50 years of bats and fog

There was fog in the Champlain Valley on Sunday night. At dusk I took a photo of the fog behind the house (Figure 1) and after dark started listening for bats with the Echo Meter Touch 2 bat detector plugged into my phone. During the next 45 minutes the phone recorded 70 bat calls. The fog became denser during the evening and was quite thick by 10:00 PM when bats were still calling (Figure 4). The phone app identified five different bat species including the usual suspects little brown bat, big brown bat, and silver-haired bat, but many of the calls were identified as Indiana bats or northern long-eared bats. That was the first time I had recorded more than a few Indiana bats or northern-long-eared bats anywhere other than at an Indiana bat maternity roosting colony. The phone app can confuse little brown, Indiana, and northern long-eared bats (they are all in the genus Myotis and have similar calls), but regardless there was a lot of bat activity on a rather foggy evening.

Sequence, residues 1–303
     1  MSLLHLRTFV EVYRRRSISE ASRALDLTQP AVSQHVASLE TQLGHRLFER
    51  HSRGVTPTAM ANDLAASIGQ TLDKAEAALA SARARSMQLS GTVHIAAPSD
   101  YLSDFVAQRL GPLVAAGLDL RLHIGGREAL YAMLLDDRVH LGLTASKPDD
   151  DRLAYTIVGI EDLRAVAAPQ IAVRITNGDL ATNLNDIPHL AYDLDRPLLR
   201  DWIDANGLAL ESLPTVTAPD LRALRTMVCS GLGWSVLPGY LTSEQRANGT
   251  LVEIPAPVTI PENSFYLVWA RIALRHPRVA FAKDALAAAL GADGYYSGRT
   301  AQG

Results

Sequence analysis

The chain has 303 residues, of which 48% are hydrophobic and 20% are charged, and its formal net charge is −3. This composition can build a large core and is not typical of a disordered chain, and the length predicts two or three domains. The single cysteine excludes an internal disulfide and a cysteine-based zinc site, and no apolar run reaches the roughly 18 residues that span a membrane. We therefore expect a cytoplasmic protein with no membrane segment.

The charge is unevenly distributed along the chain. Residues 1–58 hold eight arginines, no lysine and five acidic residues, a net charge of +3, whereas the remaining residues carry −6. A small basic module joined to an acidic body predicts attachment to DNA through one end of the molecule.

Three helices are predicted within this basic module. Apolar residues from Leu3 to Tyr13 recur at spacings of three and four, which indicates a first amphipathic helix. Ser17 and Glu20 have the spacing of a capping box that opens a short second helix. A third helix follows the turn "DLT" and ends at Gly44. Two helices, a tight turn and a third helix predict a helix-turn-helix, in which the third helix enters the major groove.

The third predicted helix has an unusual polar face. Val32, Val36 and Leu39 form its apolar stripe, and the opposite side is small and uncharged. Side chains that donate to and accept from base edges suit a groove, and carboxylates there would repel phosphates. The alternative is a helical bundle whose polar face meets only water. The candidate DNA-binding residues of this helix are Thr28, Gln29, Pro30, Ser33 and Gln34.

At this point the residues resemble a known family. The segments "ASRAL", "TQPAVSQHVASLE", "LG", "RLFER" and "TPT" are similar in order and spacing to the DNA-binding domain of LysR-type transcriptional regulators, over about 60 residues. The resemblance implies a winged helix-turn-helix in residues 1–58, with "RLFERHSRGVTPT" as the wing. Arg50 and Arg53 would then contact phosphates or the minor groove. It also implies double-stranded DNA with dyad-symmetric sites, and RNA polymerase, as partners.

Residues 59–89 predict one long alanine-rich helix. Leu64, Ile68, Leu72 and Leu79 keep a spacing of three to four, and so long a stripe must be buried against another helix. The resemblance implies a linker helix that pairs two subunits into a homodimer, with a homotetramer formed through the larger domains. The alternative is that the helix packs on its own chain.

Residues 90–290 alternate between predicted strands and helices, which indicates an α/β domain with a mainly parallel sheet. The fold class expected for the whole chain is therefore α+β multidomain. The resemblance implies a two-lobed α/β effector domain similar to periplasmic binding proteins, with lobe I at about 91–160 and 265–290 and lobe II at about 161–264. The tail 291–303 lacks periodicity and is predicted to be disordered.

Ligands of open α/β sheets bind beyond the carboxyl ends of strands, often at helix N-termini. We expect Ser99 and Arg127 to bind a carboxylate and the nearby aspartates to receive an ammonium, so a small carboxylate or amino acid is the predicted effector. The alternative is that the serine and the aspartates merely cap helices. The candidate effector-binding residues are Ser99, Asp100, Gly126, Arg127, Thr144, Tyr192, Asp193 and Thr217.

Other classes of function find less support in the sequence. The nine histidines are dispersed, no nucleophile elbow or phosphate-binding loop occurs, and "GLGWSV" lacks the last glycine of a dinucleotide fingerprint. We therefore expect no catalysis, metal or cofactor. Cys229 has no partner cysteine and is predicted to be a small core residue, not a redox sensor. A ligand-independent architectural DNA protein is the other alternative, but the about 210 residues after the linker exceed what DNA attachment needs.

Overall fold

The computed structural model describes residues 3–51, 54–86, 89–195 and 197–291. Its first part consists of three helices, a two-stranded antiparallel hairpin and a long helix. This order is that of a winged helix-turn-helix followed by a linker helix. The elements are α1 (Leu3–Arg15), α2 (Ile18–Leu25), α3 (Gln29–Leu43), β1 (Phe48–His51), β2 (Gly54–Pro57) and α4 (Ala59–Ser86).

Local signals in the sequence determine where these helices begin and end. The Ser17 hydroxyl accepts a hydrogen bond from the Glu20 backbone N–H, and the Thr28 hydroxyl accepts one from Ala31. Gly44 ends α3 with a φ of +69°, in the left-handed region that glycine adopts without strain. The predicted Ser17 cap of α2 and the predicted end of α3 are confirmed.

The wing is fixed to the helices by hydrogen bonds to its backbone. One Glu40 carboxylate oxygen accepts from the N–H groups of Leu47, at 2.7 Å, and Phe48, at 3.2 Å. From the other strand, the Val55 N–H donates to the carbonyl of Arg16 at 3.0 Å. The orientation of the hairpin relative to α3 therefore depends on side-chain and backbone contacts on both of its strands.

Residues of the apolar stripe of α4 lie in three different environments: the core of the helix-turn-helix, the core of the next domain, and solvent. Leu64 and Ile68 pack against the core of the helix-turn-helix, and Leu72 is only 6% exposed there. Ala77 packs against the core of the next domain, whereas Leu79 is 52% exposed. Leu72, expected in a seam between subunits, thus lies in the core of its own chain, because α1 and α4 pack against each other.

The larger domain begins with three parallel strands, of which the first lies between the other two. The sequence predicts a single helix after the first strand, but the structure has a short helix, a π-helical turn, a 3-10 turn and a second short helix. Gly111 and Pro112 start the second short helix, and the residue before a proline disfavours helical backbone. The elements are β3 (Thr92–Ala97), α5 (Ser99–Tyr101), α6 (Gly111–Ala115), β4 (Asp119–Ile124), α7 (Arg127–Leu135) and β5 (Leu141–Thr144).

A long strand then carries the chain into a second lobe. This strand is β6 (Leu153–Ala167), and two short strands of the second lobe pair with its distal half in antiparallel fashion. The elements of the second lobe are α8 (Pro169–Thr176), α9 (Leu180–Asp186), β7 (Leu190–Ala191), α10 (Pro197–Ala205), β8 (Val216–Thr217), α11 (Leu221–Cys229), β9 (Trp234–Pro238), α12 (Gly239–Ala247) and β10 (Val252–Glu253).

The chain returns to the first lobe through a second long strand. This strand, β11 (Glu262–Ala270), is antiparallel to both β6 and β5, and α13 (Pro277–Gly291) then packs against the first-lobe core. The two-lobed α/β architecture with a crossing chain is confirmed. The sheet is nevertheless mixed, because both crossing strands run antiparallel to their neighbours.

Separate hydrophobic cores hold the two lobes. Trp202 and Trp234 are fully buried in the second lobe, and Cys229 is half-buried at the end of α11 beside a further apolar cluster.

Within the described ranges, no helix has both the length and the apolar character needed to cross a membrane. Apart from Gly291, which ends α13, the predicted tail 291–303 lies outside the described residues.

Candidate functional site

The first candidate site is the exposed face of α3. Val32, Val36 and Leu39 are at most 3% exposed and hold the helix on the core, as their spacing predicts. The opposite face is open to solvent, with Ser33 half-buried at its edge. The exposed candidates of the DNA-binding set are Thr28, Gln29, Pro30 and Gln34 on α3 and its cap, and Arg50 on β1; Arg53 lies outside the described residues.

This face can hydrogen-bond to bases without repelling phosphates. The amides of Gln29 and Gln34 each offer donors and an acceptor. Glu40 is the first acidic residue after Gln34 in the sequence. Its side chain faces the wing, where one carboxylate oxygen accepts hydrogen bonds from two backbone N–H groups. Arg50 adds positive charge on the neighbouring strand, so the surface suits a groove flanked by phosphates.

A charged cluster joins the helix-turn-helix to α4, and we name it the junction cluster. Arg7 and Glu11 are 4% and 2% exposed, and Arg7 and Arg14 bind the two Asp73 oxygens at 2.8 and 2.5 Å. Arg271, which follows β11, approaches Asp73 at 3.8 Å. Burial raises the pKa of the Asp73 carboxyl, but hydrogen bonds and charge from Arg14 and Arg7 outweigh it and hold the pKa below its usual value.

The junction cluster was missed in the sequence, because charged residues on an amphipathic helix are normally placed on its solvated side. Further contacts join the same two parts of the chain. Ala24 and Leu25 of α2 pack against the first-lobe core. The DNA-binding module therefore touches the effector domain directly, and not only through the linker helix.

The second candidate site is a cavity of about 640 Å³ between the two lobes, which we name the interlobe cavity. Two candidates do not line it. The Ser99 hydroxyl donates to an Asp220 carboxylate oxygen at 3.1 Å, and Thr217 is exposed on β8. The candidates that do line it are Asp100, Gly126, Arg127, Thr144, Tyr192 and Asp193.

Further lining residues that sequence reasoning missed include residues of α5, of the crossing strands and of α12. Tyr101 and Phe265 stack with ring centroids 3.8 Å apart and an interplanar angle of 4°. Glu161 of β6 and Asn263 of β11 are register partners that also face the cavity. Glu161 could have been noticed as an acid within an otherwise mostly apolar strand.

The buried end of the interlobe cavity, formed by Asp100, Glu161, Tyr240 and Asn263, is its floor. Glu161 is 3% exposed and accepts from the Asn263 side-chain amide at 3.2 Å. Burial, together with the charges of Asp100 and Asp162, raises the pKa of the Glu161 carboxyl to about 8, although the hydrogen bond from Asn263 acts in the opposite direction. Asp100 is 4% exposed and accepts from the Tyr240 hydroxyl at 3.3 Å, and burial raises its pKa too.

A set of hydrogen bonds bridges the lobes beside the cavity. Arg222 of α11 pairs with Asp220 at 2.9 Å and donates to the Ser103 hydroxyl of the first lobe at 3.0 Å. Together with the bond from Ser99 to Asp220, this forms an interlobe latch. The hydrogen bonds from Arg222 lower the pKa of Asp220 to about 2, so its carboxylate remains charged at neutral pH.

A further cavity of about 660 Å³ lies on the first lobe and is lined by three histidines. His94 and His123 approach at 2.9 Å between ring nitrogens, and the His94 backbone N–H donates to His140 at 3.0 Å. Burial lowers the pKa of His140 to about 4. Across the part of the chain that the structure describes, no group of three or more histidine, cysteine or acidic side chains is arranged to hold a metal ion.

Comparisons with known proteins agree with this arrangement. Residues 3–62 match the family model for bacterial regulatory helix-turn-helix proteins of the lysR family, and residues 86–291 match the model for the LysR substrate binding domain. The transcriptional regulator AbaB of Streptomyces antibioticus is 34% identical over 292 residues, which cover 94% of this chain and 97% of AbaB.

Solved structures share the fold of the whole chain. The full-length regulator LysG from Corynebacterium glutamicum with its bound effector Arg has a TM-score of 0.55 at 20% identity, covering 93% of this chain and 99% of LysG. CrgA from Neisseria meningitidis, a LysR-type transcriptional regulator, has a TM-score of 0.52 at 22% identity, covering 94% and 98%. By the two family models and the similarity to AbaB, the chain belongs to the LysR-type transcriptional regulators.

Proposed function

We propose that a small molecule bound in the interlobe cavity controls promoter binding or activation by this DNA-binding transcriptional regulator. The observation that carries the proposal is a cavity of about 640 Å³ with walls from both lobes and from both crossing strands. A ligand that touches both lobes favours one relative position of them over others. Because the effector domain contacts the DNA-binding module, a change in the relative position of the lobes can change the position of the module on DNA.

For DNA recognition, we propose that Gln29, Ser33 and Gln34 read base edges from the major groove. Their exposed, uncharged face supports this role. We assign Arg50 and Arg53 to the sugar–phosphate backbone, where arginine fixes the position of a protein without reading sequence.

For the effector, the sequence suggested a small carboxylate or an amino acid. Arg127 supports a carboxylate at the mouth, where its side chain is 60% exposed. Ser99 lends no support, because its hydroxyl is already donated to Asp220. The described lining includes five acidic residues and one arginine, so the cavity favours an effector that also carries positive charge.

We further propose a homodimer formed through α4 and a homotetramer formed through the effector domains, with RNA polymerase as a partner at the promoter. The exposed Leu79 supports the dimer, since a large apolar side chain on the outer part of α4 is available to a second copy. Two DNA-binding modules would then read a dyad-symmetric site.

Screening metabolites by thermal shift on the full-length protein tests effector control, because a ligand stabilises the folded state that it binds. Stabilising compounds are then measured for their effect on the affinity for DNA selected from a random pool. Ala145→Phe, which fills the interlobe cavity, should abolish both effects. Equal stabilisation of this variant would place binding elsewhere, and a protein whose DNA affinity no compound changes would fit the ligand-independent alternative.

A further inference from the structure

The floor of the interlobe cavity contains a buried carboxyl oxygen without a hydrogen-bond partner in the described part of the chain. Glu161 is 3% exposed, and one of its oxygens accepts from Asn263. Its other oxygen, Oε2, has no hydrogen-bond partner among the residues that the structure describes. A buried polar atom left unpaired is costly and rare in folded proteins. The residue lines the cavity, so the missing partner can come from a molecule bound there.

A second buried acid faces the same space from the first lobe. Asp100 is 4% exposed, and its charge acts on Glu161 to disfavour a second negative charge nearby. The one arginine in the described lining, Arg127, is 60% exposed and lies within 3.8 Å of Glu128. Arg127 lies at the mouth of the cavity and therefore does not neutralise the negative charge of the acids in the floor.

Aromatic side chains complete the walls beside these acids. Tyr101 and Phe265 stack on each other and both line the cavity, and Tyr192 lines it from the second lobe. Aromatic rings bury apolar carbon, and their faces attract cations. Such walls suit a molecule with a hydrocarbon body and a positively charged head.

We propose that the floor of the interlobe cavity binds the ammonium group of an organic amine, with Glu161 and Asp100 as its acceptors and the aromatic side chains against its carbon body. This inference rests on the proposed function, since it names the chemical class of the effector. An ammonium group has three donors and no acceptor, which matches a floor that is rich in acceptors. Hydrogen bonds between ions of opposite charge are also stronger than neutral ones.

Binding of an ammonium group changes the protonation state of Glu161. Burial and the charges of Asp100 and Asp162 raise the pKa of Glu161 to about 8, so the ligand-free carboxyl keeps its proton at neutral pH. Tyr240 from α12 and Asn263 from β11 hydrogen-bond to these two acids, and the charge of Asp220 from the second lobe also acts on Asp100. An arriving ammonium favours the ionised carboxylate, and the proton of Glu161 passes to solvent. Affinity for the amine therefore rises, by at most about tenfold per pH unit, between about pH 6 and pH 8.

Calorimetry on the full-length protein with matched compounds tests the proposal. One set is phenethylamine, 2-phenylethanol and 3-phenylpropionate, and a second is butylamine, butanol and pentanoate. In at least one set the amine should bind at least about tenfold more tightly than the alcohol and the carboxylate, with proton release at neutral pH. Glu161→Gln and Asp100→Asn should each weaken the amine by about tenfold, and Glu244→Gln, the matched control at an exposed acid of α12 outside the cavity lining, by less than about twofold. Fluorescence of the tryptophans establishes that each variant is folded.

Figure 1. The forest from my backyard at 6:30 PM on Sunday October 3, 2021. At this place I used my phone to record 70 bat calls in 45 minutes. The fog became denser during the evening and was gone by morning. When the BLSG spray truck passes by, the roadside forest never looks like this. Within minutes of the spray truck passing, the pesticide mist disperses and becomes invisible, in part because ULV droplets are tiny compared to natural fog droplets and also because the ULV mist is less dense. After dark there were many bats flying through this fog and foraging for flying insects.
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